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    August 10th, 2010 by Mike Bryant

    Time to time here at Discovery we are asked for odd pieces of information: fingerprints, headshots, resumes (thought I had the job already), bios, etc…  One such request came in a few weeks ago and it had to do with goals.  The request wanted us to, in a few sentences, state our goal as an educator.  I’ve done this before of course.  I think we even had to do this back in one of my college education foundations courses, but so much has changed since then.  I came up with the below goal.

    To perpetuate systemic pedagogy change across curriculum areas.  Moving instruction to a student centered, authentic framework that prepares our youth to be thoughtful, passionate, kind and wise citizens.

    I can’t take full credit for this.  Chris Lehmann, Principal of the Science Leadership Academy in Philadelphia and author of the blog Practical Theory, sold me on the “thoughtful, passionate, kind and wise” section.  Chris’ blog is one of several that I read as part of my own professional development.   Being a former science teacher, Chris’ practical approach synced with my concept of how science should be taught.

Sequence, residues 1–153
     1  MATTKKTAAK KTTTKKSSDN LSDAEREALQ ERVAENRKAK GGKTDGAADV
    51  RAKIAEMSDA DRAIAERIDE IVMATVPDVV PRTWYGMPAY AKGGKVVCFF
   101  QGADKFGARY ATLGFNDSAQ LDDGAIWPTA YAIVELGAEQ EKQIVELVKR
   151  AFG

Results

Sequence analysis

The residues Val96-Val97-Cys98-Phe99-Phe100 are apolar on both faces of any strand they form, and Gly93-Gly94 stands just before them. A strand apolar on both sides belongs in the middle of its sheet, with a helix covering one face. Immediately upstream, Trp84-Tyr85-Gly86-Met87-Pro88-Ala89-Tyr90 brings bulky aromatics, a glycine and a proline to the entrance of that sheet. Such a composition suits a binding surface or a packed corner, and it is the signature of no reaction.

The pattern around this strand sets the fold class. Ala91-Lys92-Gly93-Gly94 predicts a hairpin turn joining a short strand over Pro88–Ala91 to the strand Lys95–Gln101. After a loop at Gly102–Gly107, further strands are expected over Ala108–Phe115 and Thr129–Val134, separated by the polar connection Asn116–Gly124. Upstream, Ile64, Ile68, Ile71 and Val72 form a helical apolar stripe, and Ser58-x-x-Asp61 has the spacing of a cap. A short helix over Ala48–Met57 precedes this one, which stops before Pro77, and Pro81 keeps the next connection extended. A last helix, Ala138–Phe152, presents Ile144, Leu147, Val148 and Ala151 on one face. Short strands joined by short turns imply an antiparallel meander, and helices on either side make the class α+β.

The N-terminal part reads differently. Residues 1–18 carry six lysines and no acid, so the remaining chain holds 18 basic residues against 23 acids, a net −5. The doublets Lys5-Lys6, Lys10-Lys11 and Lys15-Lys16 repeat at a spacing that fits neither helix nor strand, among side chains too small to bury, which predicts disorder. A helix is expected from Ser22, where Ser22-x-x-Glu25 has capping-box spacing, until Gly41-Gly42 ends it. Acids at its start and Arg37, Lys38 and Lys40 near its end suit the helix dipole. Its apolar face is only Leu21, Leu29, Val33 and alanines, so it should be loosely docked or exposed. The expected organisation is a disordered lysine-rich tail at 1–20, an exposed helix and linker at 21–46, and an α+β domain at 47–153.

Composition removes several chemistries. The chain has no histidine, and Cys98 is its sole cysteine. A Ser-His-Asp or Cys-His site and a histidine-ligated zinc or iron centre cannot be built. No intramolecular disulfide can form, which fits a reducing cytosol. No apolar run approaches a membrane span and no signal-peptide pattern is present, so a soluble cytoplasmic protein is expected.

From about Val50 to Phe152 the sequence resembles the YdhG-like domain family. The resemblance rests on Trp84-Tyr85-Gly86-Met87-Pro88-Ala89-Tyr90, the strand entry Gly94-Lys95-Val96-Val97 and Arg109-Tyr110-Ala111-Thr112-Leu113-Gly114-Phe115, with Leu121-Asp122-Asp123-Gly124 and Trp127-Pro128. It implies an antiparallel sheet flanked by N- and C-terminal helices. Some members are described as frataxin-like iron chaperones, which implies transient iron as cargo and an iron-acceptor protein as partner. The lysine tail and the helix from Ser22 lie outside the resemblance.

There are several classroom teachers that I follow, but the two I read most often are Vicki Davis, CoolCatTeacher, and Dan Meyer, dy/dan.  Each have a different take on what we should be doing in the classroom.   Both allow me to stretch my thinking.   Vicki is constantly on the lookout for tools and resources that help with proven instructional strategies.  Dan Meyer’s blog, dy/dan, if you couldn’t tell by the name, hits you from a math perspective.  Dan, up until recently, taught high school math, but is now pursuing his doctorate at Stanford.   what I love about Dan is that his posts really make me stop and think.  That and he and I share a passion for educational design and film making.

    Beyond the realm of educators, I follow several other blogs that provide a great deal of information relevant to my current position with Discovery.  Web Worker Daily, is one such blog that doesn’t focus on education, but has provided tons of tips and tricks that have made my job a lot easier.  In addition, Science Roll keeps me up-to-date on the latest and greatest science centered web2.0 resources.

    The before mentioned are just a few of the blogs I follow.  As you can tell from the below stats, I don’t read every post and several of my top ten I didn’t mention here.  Keeping up with all these blogs can be a chore unless you have a unified place for them all.  I use Google Reader to organize every blog I follow.   It provides stats, like what you see below, so you can see who you are actually learning from.

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